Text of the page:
Organizations Profiles

Patrick Rothfuss Builds Worlds in Real Life

IMG: via

Renowned fantasy author Patrick Rothfuss had no idea what his newly acquired fame could do when he blogged about Heifer International in 2008.

“I believe that deep down, people are good.  I believe that most of us would go out of our way to take care of baby ducks,” he wrote that November.  He goes on to say that while he enjoyed the nearly one thousand entries he had received from a photo content earlier that year, he wanted to know what happened when he used that energy for a good cause.

Then he told fans about his favorite nonprofit, Heifer International.  Heifer International gives livestock and other agricultural products to help families raise their own food and start businesses.  They also provide the training families need to raise their own herds and flocks.

Rothfuss put together prize raffles for his fans who donated to Heifer from his team page on their website.  After quickly raising $10,000, other authors and retailers got involved to donate prizes and spread the word.  Rothfuss promised to match all donations, not expecting to raise the $50,000 that rolled in during the campaign.  It was all the money he had earned from his bestselling fantasy novel The Name of the Wind, and he still donated the match, claiming he did not mind being poor, especially for a good reason.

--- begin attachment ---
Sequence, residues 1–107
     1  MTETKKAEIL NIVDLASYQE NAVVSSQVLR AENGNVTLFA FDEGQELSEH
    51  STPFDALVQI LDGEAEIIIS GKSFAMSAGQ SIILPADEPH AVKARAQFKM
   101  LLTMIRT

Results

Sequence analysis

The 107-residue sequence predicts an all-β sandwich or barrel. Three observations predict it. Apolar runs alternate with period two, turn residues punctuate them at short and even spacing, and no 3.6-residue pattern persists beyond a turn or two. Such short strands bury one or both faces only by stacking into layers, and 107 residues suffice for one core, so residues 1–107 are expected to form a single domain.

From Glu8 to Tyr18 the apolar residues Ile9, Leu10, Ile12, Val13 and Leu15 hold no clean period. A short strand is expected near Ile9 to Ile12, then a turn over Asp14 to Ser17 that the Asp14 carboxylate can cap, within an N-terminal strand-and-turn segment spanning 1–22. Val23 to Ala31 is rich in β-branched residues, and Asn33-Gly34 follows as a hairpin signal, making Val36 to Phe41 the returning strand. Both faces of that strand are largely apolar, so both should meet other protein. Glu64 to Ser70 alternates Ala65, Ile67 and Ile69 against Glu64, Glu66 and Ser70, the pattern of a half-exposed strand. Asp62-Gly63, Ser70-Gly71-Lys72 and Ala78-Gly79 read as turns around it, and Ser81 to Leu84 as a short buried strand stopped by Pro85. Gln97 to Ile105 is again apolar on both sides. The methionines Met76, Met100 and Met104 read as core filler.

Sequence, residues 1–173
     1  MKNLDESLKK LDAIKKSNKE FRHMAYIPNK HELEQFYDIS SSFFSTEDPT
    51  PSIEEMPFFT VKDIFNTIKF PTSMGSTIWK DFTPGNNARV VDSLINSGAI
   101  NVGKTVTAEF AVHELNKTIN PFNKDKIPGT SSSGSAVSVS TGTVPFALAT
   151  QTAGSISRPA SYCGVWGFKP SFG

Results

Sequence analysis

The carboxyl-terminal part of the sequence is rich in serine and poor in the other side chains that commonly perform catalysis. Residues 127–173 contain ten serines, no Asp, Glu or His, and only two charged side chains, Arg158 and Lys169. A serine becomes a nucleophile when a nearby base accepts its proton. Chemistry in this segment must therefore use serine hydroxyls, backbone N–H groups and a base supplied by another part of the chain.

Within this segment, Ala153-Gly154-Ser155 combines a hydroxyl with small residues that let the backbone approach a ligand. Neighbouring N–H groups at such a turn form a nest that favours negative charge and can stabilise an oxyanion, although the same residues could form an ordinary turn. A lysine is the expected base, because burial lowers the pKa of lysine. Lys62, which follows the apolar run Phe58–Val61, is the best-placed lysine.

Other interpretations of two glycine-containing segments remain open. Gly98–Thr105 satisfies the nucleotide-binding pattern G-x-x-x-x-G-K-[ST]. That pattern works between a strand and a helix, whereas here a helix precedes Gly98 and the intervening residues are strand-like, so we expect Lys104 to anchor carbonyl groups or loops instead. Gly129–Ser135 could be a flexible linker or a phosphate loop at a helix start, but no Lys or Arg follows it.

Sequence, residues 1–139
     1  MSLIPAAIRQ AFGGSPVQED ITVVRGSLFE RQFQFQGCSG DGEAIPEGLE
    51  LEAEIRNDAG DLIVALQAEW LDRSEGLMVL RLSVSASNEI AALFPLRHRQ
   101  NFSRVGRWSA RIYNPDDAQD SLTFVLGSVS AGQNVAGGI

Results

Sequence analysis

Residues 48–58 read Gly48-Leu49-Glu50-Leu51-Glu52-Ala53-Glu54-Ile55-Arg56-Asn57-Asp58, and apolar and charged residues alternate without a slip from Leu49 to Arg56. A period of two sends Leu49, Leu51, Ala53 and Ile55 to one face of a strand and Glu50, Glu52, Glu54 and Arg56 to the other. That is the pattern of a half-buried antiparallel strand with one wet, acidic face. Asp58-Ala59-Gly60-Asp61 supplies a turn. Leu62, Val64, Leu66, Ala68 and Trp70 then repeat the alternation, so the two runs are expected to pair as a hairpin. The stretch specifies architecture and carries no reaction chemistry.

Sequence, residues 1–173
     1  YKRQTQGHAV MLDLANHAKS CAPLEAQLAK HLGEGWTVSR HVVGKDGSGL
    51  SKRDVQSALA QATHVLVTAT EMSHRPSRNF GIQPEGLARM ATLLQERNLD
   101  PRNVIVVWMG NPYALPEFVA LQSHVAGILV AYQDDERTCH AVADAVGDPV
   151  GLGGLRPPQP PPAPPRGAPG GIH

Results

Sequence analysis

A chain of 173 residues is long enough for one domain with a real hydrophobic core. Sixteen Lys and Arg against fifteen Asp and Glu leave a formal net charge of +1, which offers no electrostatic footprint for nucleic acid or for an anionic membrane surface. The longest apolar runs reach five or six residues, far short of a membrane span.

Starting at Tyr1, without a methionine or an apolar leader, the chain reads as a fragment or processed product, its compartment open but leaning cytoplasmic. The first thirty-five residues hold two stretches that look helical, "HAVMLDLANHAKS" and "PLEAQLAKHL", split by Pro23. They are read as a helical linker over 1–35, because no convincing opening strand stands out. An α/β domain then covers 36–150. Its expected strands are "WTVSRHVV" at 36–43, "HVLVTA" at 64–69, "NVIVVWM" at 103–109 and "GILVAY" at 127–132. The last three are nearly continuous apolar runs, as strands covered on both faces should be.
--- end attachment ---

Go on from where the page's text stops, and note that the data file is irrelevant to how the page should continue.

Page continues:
Since that year, the fundraising drive has gotten bigger and bigger, this year reaching nearly half a million dollars.  It has been incorporated into Worldbuilders, a charity that raises funds exclusively for Heifer International, complete with a team of six full time fundraisers and managers.

Rothfuss and his team recently traveled to Heifer International’s headquarters and ranch in Perryville, Arkansas to celebrate the success and work on the ranch to see firsthand at how their efforts help families in developing nations.  Rothfuss praises Heifer for being a sustainable, environmentally friendly solution to some of the world’s biggest problems.  With his staff fully in place, he says he can get back to his real job of writing books but remain hands-on as president of Worldbuilders.